Introduction

  • A diagnostic and prognostic clinical tool with very high analytical sensitivity, clinical sensitivity, and quantitation is needed for therapeutic response monitoring.
  • An estimated 90% of pancreatic cancers harbor somatic KRAS G12/G13 mutations.
  • Recent studies on small numbers of patients demonstrate widely variable KRAS ctDNA sensitivity (27 – 71%)1.
  • Accurate identification and quantitation of ctDNA KRAS mutation copies would be an improved prognostic and therapeutic response biomarker over CA19-9 which is known to be uninformative in 5-10% of patients with pancreatic cancer.

Study Design and Objectives

Primary Objective:

  • Examine KRAS G12/13 detection rate in plasma of patients with unresectable, locally advanced or metastatic pancreatic cancer.

Secondary Objectives:

  • Examine association between baseline KRAS levels in plasma and patient outcomes.
  • Examine correlation between changes in KRAS levels in plasma and changes in tumor size by radiographic assessment following treatment with chemotherapy.
  • Pretreatment (baseline) and longitudinal blood samples (1 – 4 mL) were prospectively collected from patients with unresectable pancreatic cancer through the Danish BIOPAC study (Figure 1; Table 1).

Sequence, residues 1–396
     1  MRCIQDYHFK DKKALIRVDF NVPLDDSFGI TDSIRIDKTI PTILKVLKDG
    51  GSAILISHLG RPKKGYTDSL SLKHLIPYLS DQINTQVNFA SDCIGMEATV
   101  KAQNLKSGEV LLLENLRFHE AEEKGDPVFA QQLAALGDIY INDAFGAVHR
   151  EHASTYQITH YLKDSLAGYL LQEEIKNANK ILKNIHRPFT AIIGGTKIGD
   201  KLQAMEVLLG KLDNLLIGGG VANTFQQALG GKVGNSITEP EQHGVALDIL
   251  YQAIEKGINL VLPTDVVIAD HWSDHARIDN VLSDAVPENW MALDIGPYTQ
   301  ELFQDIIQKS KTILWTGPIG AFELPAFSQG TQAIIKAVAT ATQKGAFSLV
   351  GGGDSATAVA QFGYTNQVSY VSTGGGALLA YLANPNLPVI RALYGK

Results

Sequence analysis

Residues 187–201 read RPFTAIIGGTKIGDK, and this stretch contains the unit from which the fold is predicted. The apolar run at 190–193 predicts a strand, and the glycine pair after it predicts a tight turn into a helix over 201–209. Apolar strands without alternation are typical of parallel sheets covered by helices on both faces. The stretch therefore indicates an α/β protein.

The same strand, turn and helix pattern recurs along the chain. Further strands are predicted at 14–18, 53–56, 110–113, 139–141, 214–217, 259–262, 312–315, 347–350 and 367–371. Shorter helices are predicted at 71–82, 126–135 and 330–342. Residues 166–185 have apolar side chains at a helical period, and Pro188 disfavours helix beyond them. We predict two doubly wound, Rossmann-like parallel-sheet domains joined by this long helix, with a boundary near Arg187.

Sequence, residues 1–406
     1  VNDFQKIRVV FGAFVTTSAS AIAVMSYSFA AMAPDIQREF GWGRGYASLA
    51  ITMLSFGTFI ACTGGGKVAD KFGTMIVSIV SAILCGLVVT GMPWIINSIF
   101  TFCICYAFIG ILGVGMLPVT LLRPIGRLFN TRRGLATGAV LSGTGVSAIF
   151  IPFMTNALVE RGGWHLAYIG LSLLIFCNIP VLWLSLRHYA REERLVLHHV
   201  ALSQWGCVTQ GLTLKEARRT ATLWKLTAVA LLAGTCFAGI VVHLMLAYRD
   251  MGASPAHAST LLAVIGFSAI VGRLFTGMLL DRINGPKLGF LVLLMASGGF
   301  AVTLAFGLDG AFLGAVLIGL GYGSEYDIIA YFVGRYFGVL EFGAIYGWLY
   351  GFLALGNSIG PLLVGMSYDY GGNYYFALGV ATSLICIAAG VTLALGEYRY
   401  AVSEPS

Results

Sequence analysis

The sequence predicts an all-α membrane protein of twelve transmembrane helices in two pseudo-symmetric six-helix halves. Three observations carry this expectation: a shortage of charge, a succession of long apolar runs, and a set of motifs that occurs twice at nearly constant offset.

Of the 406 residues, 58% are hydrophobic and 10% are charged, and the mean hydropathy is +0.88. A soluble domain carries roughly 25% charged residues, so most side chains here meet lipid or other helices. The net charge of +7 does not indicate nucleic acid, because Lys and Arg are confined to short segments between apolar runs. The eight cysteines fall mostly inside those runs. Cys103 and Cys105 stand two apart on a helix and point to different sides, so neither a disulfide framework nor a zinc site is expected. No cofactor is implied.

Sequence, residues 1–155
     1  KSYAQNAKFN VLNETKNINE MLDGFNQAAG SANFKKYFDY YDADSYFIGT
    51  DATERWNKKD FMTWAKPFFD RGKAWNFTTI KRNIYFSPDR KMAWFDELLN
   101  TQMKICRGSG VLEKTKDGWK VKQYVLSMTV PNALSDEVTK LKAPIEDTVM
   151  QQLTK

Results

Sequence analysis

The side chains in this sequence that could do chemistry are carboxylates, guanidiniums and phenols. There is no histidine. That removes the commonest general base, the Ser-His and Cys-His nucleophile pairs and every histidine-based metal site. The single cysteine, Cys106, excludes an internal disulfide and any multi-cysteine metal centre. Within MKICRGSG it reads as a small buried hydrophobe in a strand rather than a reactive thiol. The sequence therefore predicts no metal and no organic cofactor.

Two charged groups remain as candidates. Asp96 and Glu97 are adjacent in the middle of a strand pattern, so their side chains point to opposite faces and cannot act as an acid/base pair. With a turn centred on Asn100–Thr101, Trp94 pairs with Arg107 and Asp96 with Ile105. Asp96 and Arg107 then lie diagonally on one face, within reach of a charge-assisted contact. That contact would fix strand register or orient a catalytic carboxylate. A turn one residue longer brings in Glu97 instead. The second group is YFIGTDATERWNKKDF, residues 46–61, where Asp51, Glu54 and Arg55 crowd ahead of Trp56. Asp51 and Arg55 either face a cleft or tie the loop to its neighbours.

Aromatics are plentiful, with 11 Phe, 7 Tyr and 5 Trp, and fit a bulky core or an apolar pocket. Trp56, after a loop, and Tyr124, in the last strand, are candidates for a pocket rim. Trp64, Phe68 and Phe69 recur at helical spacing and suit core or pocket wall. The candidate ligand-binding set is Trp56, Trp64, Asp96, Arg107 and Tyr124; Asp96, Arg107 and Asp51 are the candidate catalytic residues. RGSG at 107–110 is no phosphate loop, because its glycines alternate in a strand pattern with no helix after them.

• ctDNA KRAS G12A/C/D/R/S/V, and G13D mutations were PCR enriched, sequenced by next generation sequencing (NGS), quantitated, and standardized.
  • Standard curves were generated from a sample set with known numbers of spike-in copies for mutant KRAS molecules which were assayed in parallel with patient samples starting with PCR enrichment of mutant KRAS DNA followed by NGS.
  • The number of mutant copies detected was standardized by normalizing the number of copies detected in the sample to a constant number of calculated genome equivalents (GEqs) of wild type DNA across all samples evaluated.

Highlighted Charts

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Conclusions

  • This is the largest, prospective dataset exploring ctDNA KRAS in unresectable pancreatic cancer.
  • 92.9% of 210 patients with unresectable pancreatic cancer were positive for ctDNA KRAS.
  • This detection rate closely matches the published prevalence of KRAS in pancreatic cancer (90%), and out performs previous studies, demonstrating the superior assay sensitivity.
  • ctDNA analysis offers a viable tissue biopsy alternative for determining KRAS mutation status, especially in late stage patients.
  • ctDNA KRAS analysis identified 52% more patients as positive than CA19-9, demonstrating KRAS as an improved diagnostic tool.
  • Individuals with metastatic disease had a 8.2 fold difference in median ctDNA KRAS mutation load at baseline versus a 3.9 fold difference in baseline CA19-9. KRAS may represent an improved biomarker for metastatic disease over CA19-9.
  • In two representative patients, dynamic changes in KRAS mutation load were consistent with response by imaging and predicted progressive disease months in advance of progression by imaging.
  • Quantitation of KRAS mutant copy load may provide a more informative biomarker for prognosis and monitoring for therapeutic response.

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